Widefield photography and angiography provide access up to 200-degrees of the retinal periphery. The range of normal peripheral findings has not been characterized, yet is relevant to studies addressing putative peripheral retinal vascular pathology.Methods:
This study was an observational retrospective cohort study. Adult patients with epiretinal membrane or choroidal nevi who underwent imaging with Optos 200 MA/200Tx were included. Dye transit times, peripheral arteriovenous shunting, presence of vessels crossing the horizontal raphe, right angle vessels, terminal networks, absence of capillary detail, ground glass hyperfluorescence, peripheral drusen, and microaneurysms were evaluated.Results:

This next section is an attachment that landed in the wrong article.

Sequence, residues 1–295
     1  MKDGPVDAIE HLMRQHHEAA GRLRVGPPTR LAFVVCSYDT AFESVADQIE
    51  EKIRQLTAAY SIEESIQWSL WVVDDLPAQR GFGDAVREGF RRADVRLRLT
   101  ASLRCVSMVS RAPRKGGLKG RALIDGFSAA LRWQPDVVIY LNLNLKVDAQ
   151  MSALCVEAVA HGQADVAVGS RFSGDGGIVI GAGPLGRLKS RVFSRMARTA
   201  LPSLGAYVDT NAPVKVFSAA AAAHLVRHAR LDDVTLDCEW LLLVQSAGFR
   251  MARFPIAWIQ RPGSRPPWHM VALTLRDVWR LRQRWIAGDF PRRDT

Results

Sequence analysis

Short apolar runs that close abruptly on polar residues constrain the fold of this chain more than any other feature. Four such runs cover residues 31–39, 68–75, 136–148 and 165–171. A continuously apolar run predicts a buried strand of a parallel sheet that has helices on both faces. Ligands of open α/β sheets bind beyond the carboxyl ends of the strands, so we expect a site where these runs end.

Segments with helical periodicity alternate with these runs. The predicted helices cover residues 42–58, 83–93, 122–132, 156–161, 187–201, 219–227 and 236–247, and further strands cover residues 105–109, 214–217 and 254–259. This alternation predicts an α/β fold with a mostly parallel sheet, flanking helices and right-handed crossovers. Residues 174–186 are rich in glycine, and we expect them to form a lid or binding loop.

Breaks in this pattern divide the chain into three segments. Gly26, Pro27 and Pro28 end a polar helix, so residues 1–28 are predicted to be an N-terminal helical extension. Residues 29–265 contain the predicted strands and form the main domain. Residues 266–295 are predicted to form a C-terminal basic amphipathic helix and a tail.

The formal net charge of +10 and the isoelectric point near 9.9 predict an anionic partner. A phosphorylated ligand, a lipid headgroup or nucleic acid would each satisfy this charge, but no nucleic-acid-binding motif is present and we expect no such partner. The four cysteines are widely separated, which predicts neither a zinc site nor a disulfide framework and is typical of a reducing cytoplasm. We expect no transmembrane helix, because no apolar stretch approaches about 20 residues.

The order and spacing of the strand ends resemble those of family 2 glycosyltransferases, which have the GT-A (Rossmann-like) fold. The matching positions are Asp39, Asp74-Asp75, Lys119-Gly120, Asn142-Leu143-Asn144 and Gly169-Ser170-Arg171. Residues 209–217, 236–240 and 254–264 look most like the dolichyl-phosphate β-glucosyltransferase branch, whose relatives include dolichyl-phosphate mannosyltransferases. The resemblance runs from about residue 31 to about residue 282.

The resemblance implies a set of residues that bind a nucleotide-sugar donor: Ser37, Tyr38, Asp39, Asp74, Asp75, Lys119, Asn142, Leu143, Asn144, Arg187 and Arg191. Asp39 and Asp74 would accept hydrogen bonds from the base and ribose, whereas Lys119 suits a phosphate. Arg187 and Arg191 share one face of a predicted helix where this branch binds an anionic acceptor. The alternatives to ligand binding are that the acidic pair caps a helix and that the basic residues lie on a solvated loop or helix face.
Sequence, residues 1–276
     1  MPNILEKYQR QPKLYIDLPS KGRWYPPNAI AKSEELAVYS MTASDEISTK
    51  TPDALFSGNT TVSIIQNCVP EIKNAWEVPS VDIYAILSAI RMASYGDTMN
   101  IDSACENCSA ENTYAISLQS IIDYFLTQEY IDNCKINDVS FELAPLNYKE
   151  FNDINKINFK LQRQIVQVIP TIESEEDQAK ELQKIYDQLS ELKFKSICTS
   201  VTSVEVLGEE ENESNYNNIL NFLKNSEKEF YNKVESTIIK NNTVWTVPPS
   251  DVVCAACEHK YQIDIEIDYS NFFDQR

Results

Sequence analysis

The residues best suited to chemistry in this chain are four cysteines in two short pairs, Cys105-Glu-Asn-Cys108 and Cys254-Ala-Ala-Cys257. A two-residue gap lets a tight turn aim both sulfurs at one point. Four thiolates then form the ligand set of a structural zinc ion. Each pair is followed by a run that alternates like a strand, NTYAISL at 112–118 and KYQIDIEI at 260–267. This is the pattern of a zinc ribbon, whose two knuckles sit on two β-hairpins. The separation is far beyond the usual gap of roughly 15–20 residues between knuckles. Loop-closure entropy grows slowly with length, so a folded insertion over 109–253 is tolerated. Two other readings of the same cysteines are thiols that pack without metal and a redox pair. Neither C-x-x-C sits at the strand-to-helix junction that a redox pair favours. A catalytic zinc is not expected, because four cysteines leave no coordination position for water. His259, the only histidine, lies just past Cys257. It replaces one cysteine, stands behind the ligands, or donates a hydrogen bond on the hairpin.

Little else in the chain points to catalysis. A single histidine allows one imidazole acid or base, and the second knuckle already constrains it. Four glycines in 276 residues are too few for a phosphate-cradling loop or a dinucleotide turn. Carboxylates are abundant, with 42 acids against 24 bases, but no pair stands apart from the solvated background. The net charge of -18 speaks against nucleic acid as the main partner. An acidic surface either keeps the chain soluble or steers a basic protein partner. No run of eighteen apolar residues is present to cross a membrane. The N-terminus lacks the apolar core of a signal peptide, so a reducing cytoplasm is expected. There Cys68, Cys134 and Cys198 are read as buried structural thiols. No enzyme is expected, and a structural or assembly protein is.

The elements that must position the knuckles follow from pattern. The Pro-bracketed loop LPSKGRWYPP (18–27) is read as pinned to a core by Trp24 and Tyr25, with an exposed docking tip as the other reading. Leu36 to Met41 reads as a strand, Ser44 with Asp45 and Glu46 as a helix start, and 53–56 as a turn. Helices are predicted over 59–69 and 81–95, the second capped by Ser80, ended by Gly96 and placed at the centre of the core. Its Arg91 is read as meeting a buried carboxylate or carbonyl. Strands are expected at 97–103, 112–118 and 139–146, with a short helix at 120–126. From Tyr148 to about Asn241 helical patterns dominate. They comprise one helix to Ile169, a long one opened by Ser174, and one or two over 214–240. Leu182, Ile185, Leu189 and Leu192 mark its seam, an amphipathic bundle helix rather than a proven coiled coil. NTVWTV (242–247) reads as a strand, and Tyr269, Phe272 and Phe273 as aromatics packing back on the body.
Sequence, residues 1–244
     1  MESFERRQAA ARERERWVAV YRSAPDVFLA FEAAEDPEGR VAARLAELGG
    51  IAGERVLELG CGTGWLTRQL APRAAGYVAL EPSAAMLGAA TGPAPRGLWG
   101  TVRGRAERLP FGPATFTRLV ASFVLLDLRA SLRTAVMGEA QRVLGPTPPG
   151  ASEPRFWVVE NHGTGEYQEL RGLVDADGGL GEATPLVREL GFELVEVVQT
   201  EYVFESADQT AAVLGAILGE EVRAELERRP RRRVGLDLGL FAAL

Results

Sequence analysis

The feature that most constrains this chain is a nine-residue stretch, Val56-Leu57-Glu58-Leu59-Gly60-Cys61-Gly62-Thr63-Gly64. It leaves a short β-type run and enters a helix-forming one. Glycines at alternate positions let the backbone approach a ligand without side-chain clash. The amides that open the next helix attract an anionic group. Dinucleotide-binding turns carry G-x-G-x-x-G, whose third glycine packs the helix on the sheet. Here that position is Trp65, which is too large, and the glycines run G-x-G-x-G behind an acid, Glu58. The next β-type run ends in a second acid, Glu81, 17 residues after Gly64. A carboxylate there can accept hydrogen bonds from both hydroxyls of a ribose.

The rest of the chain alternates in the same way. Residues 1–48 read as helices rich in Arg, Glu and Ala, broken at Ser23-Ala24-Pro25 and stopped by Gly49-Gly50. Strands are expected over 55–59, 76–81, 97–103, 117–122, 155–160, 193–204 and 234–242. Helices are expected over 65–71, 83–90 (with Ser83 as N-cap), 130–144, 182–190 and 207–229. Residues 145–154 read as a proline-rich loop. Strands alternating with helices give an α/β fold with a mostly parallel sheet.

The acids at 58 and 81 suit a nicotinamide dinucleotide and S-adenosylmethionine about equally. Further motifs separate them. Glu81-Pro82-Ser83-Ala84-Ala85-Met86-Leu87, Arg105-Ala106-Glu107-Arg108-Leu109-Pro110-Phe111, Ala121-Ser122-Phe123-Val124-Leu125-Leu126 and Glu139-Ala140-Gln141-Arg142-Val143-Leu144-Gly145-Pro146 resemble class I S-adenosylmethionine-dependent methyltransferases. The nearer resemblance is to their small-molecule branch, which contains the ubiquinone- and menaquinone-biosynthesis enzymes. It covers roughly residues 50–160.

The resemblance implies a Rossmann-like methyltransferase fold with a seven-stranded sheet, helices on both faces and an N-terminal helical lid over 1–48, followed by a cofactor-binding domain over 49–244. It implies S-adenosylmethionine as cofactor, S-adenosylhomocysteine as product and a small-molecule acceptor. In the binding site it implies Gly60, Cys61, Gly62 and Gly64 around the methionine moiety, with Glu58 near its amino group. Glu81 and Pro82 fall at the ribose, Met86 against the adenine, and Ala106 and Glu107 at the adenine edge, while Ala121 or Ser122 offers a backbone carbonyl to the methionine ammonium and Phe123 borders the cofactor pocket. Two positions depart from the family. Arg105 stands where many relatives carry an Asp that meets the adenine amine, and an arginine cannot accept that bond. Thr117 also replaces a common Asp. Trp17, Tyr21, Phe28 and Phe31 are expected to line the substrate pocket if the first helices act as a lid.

Fifty-eight eyes of 31 patients met inclusion criteria. Mean peripheral arterial filling time was 8.65 ± 2.54 seconds (range 3–15 seconds). One or more peripheral anomalies were noted in all patients (P < 0.01). The prevalences of findings were: arteriovenous shunting (0.00%), vessels crossing the horizontal raphe (44.83%), right angle vessels (70.69%), terminal networks (77.59%), absence of capillary detail (98.28%), ground glass hyperfluorescence (87.93%), drusen (34.48%), and microaneurysms (41.38%).Conclusion:
There was a high prevalence of peripheral vascular anatomic variations in eyes expected to have normal peripheral retinal vasculature. These findings may provide a reference for future studies addressing putative pathologic peripheral angiographic findings.